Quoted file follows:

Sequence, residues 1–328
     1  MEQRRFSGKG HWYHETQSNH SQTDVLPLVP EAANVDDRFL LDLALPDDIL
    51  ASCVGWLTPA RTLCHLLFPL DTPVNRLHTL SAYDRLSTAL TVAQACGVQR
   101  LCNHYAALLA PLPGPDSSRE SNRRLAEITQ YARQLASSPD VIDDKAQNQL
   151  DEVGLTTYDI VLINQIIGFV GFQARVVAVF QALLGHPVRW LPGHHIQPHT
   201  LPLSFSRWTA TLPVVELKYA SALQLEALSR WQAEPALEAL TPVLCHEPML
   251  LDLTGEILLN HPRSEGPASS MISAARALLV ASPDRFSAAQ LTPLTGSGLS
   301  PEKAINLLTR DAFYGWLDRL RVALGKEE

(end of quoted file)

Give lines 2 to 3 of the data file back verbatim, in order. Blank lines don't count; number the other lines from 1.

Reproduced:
     1  MEQRRFSGKG HWYHETQSNH SQTDVLPLVP EAANVDDRFL LDLALPDDIL
    51  ASCVGWLTPA RTLCHLLFPL DTPVNRLHTL SAYDRLSTAL TVAQACGVQR